Secretary of Transportation Anthony Foxx threatened to shut down the DC Metro subway system when an electrical fire at one of the stations caused a day-long shutdown. It reminded me of the old Jimmy Stewart movie “Shenandoah,” in which a southern family tries to stay out of the Civil War, the patriarch continually asserting that “it doesn’t concern us.” When his own son was taken prisoner, Stewart’s character finally saddles up and joins the war with the solemn proclamation, “Now it concerns us.”
Maintenance headaches have plagued that subway system for years, and numerous similar electrical fires have led to frequent service interruptions. But this particular fire incident got the attention of the Secretary for one simple reason. It happened at the Federal Center Southwest Station, the one that serves the U.S. Department of Transportation’s own headquarters building. I could just see the Secretary and his staff, several of whom were no doubt personally inconvenienced, calling an emergency meeting and declaring “Now it concerns us.”
The incident once again makes a mockery of the perennial issue involving the proposed statehood for Washington, D.C. And just when you thought that issue might have died down again, D.C. Mayor Muriel Bowser is again calling for a citywide vote on whether the nation’s capital should become the 51st state, and has released another new proposed state constitution. Coincidentally, it would automatically make the Mayor D.C.’s first governor and the current city council its first legislature. Almost certainly, it will not happen – and it shouldn’t.
City leaders in D.C. have long maintained the charade that residents are denied representation. In fact, even the D.C. license plates bear the revolutionary war slogan “Taxation without representation.” They pretend the founders had no reason to put the Capitol in a district that was not part of any state, and claim Congress never pays any attention whatsoever to the needs of Washington, D.C. That ignores several important details.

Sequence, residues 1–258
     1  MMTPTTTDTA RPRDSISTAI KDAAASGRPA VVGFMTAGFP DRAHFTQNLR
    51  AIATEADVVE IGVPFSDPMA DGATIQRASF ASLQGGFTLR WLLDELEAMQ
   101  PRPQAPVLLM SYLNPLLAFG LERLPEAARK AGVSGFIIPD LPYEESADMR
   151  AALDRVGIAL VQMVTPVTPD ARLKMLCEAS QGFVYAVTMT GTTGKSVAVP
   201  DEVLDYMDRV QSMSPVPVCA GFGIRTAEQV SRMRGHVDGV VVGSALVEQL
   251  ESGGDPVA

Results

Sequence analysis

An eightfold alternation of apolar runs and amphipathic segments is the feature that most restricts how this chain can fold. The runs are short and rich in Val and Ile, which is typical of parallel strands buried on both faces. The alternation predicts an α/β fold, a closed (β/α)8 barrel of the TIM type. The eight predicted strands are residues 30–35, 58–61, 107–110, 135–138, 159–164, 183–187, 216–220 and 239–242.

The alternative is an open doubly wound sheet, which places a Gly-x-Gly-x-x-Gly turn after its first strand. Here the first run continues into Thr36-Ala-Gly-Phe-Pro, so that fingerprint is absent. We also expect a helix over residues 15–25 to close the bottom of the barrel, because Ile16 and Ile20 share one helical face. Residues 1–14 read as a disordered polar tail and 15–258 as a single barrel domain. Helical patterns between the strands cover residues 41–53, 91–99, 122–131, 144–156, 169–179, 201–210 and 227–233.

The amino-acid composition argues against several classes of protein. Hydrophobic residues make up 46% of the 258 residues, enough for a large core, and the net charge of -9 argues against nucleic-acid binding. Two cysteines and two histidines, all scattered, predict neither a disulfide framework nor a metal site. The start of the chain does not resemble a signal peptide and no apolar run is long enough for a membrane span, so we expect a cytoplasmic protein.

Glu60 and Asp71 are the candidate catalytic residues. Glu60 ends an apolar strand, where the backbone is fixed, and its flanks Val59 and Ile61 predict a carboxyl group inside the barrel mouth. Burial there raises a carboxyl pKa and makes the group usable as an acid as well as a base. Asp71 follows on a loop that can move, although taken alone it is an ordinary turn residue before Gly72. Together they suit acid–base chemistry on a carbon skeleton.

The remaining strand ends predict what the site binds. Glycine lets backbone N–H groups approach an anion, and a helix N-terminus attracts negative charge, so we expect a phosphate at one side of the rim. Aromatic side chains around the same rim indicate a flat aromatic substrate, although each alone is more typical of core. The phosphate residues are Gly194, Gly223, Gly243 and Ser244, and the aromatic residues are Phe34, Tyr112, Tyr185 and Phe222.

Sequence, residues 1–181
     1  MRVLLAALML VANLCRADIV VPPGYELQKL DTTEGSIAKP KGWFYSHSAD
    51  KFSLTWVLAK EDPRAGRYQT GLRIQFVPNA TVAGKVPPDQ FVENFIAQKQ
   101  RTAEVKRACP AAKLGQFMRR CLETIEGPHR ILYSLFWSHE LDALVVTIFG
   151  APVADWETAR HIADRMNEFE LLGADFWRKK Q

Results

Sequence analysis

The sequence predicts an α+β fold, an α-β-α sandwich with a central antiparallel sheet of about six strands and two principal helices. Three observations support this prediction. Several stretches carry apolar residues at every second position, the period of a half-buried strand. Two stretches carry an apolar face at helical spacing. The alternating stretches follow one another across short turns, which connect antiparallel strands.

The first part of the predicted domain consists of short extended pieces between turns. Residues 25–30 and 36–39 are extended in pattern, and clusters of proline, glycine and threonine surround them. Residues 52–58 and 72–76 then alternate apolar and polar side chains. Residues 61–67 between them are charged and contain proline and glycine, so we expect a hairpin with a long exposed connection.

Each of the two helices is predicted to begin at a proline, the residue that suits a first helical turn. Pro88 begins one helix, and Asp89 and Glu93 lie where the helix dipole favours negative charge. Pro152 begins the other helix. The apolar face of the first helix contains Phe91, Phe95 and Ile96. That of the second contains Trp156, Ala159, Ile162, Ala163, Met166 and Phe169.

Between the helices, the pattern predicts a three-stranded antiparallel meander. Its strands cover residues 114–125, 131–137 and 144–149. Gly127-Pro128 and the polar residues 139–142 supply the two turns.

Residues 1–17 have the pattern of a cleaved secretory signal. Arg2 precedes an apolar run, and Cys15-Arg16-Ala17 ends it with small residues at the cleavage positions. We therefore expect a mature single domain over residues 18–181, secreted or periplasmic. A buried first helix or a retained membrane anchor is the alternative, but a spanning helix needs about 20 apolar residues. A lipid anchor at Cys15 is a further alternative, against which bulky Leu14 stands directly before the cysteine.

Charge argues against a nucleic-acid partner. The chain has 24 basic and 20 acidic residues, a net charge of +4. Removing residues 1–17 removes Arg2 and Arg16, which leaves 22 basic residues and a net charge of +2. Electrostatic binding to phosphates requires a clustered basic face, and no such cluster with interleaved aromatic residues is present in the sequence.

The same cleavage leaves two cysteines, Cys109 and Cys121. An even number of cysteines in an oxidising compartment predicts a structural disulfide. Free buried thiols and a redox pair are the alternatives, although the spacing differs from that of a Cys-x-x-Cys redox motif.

Washington is a city, not a state. It has neighborhoods, not counties. Its politics are monolithic and its people share the same interests – including an interest in subsidizing everything they do with tax money from the rest of the country.
The City actually enjoys greater representation in Congress than any other part of the country. The D.C. metro area has about 5.8 million residents, including 4 U.S. Senators and 5 Congressmen from its suburbs – and ALL the other Members of Congress (and 3,000 presidential appointees) who spend most of the time there.
Washington is really closer to “representation without taxation” than the other way around. Congress subsidizes D.C. government almost $1 billion dollars a year, and D.C.’s delegate in Congress sits on the Appropriations Committee to see that lots of money goes to her favorite local projects. That’s only a fraction of the story, though, considering the tens of billions spent to build the city itself – expensively. What Colorado city can afford to eschew concrete, building its sidewalks of brick and its curbs of granite? Where else are city streets maintained by the National Park Service, or traffic enforcement provided by U.S. Capitol Police? Washington is a beautiful city with parks, fountains, plazas, circles, and magnificent architectural masterpieces – all built by the entire nation’s taxpayers.
The founders understood exactly why the seat of government could not be part of any State, as it would provide an advantage to those residents. Diluting the representation of all other states to give a single city even greater hold – over a country it already dominates – would be a colossal mistake. There is a much simpler choice.
If the issue is really about giving D.C. residents a vote in Congress, the answer is easy – simply give the non-federal part of the city back to Maryland (from which it was originally carved). That would gain an additional congressional district for Maryland. The Virginia portion of the original district was ceded back to Virginia in 1847, and that solution would still work. However, the simple reason D.C. won’t accept that is pure partisan politics. Democrats support statehood and Republicans don’t, because D.C. always votes Democratic (statehood would provide two more Democrats in the Senate).
The final irony is that many D.C. residents say they want statehood, but have no desire to give up all the perks of living in Washington, from the right to in-state tuition at colleges in every state to the heavily subsidized subway system. And they certainly have no desire to take on the financial burden of running one of the nation’s most inefficient, corrupt, and wasteful cities. These residents want the continued subsidies that come with being wards of the national government, not the responsibility of statehood. They live in a giant city of perks, built by the hard work and tax money of the entire rest of the country. Now it concerns us.
(This column originally appeared in the Grand Junction Daily Sentinel May 27, 2016)